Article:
Making Nation and Race in Urban Tanzania
Publication Year: 2012
Using deeply researched archival and oral evidence, Taifa transforms our understanding of urban history and shows how concerns about access to credit and housing became intertwined with changing conceptions of nation and nationhood. Taifa gives equal attention to both Indians and Africans; in doing so, it demonstrates the significance of political and economic connections between coastal East Africa and India during the era of British colonialism, and illustrates how the project of racial nationalism largely severed these connections by the 1970s.
Published by: Ohio University Press
Series: New African Histories
Title Page, Copyright
This book began long ago as an idea that I had at the end of my first quarter at Northwestern University, when a small seminar of first-year African History graduate students—Greg Mann, . . .
The title of this book asks the reader to learn one Swahili word from the outset. Taifa (pronounced tă-ēfƏ) is today translated as “nation,” but seventy years ago, “race” would have been an . . .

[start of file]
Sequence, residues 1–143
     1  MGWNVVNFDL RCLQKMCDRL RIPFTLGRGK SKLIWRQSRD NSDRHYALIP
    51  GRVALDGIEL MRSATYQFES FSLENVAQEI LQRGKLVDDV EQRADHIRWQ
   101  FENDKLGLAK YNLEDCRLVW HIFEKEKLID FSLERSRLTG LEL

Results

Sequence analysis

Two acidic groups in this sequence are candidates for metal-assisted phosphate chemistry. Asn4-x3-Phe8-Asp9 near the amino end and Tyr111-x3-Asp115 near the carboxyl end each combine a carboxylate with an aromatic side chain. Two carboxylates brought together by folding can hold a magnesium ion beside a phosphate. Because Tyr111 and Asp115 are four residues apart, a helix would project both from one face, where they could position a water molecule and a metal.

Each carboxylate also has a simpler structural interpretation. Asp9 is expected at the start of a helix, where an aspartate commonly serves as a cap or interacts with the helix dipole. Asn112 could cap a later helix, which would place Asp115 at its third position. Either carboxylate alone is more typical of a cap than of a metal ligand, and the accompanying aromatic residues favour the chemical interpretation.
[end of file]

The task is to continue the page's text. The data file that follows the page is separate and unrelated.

Chapter 1: Native and Non-Native: Colonial Urbanization and the Legal Foundations of Identity
In British colonial Africa between the 1890s and 1940s, a person’s first legal identity was either native or non-native. While there was no one definition, in general . . .
Chapter 2: Identity and Social Structure in Interwar Dar es Salaam
This chapter examines the formation of group identities in interwar Dar es Salaam to show the dialectical interaction between external categorization and internal . . .
Chapter 3: Posing the Urban Question: War, State Intervention, and the Creation of Urban Entitlement
Sometime around the year 1939, Dar es Salaam’s rate of population growth leaped from its interwar pace of 2 percent to around 8 percent. This latter rate of growth has . . .
Chapter 4: Continental Shift: Civilization, Racial Thought, and the Intellectual Foundations of an African Nationalism
The intellectual tenets of African nationalism in Tanganyika took firm shape during the 1940s. Black Tanganyikan thinkers—informed by urban experiences in . . .
Chapter 5: Nationalist Thought, Racial Caricature, and Urban Citizenship in Postcolonial Tanzania
This chapter examines how the language and politics of national citizenship transformed material meanings of urban entitlement. Dar es Salaam continued to grow . . .
This book has been a study of identity and its categories in urban Tanzania, told through multiple lenses of social, economic, political, and intellectual history. Besides presenting . . .